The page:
Disability Discrimination Complaint Filed Over COVID-19 Treatment Rationing Plan in Tennessee

CREEC and other disability rights advocacy organizations joined Disability Rights Tennessee (DRT) and The Arc Tennessee (The Arc TN) to file a Complaint with the Office of Civil Rights for the U.S. Department of Health and Human Services on Friday, March 27, 2020 about Tennessee’s Guidance for the Ethical Use of Scarce Resources during a Health Emergency. As COVID-19 cases increase, the experience in other countries and predictions of United States health officials is that there will not be enough acute care services or equipment, such as ventilators, to meet the demand of patients with the virus who require intensive treatment. Health care professionals in the U.S. are already developing protocols for responding to COVID-19, including treatment rationing that will determine who will and will not have access to life-saving treatment. The complaint voices grave concern that Tennessee’s guidelines for rationing discriminate against people with disabilities in violation of federal disability rights laws, including the Americans with Disabilities Act (ADA), Section 504 of the Rehabilitation Act (Section 504) and Section 1557 of the Affordable Care Act (ACA) and place their lives at serious risk. This complaint about Tennessee’s guidelines along with similar complaints about guidelines in other states call upon the OCR to take immediate action to address this discrimination and assist states and health care providers to develop non-discriminatory approaches before there are lethal consequences to application of these illegal policies.   2020-03-27 TN OCR Complaint re Healthcare Rationing Guidelines with...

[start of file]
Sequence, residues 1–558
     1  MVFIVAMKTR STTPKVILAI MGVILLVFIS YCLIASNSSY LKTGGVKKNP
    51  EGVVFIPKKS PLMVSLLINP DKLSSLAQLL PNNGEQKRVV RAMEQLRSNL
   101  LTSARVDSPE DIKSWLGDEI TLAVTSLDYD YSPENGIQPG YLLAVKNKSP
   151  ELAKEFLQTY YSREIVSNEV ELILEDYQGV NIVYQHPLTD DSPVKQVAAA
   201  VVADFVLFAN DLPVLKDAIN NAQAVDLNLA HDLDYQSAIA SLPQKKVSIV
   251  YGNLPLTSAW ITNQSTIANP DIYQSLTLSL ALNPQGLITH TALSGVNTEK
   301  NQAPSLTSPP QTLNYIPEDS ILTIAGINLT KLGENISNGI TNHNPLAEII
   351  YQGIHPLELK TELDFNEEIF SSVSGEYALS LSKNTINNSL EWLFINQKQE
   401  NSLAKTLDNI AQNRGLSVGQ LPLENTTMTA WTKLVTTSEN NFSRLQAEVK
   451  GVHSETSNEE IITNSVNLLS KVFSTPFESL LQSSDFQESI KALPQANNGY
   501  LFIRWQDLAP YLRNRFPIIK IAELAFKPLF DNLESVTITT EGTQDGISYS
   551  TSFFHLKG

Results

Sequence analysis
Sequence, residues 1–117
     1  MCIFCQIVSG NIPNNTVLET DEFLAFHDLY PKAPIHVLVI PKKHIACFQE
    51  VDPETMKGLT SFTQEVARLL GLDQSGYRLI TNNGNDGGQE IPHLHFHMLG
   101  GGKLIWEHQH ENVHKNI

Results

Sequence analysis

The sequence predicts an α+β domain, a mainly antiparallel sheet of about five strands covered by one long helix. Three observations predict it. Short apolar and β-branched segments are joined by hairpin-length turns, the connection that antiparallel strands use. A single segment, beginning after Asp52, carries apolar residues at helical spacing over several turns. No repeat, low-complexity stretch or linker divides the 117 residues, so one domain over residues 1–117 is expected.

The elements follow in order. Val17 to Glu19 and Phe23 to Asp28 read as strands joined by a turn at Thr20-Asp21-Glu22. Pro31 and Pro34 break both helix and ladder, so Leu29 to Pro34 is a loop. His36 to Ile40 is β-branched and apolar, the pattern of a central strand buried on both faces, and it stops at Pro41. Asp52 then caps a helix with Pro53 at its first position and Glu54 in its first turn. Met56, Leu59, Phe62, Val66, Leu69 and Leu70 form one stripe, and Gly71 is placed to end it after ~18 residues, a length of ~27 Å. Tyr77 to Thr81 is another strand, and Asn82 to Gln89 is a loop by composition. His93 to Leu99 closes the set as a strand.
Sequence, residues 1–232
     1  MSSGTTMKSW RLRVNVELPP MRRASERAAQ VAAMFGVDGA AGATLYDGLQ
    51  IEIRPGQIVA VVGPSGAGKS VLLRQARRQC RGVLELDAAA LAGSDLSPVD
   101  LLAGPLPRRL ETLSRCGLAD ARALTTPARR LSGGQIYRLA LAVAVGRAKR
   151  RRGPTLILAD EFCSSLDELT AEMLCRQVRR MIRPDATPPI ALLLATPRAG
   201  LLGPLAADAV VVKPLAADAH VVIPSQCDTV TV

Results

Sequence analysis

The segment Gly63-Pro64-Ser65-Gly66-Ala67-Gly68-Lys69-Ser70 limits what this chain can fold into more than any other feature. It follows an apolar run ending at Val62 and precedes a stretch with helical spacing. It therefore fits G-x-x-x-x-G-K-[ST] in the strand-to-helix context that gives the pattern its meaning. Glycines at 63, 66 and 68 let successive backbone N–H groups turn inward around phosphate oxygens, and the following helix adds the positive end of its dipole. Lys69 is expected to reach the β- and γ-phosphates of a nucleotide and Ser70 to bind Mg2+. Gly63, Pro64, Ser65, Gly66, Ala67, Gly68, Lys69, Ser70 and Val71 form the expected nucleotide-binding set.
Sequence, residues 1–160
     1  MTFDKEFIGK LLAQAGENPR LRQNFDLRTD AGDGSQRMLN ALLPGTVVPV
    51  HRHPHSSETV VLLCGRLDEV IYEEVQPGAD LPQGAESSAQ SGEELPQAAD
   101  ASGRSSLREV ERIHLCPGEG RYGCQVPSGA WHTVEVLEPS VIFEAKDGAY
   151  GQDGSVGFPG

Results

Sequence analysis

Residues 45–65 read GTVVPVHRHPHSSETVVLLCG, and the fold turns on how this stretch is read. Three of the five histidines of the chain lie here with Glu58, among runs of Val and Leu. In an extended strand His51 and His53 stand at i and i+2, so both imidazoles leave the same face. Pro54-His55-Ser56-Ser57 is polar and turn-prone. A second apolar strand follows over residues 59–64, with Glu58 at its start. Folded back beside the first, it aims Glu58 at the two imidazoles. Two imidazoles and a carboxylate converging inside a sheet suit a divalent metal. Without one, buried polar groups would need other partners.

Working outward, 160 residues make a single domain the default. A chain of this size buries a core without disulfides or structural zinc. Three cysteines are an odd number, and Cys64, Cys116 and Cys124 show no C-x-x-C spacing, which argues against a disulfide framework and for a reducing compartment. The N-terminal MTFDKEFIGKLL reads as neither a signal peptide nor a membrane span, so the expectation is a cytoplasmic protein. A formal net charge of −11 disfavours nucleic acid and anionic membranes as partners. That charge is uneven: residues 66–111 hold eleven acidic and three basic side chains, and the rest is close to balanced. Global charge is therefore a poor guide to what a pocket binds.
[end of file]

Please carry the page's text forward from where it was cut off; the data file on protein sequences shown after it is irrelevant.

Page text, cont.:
CREEC and Co-Counsel File Preliminary Injunction in Fraihat v ICE Case

CREEC and Co-counsel Seek Emergency Court Ruling for Immediate COVID-19 Protections for People in Immigration Jails Early this morning, CREEC and others filed an emergency application for a preliminary injunction in the U.S. District Court for the Central District of California seeking a court order requiring that Immigration and Customs Enforcement (ICE) take immediate steps to protect people in immigration detention facilities from COVID-19, particularly those at heightened risk. The motion immediately follows ICE’s own admission of the first confirmed positive case of COVID-19 of a person in ICE detention. The motion argues that if ICE cannot or will not immediately take steps to ensure that medically vulnerable people are protected from COVID-19 – including providing timely access to qualified and necessary healthcare – then the Court should order ICE to release those individuals in the interest of public health. Dr. Jaimie Meyer, Assistant Professor of Medicine and Assistant Clinical Professor of Nursing at Yale notes, “The risk posed by infectious diseases in jails and prisons is significantly higher than in the community, both in terms of risk of transmission, exposure, and harm to individuals who become infected.“ The preliminary injunction is being requested as part of an existing class action lawsuit, Fraihat v. ICE, on behalf of the nearly 40,000 people held in ICE immigration jails throughout ICE’s detention system. Based on first-hand observations from attorneys serving clients inside detention centers and direct reports from people who are detained, the current conditions are medically dangerous and fail to meet standard public health recommendations for addressing the pandemic. Jimmy Sudney, Plaintiff in Fraihat v. ICE states, “I have several...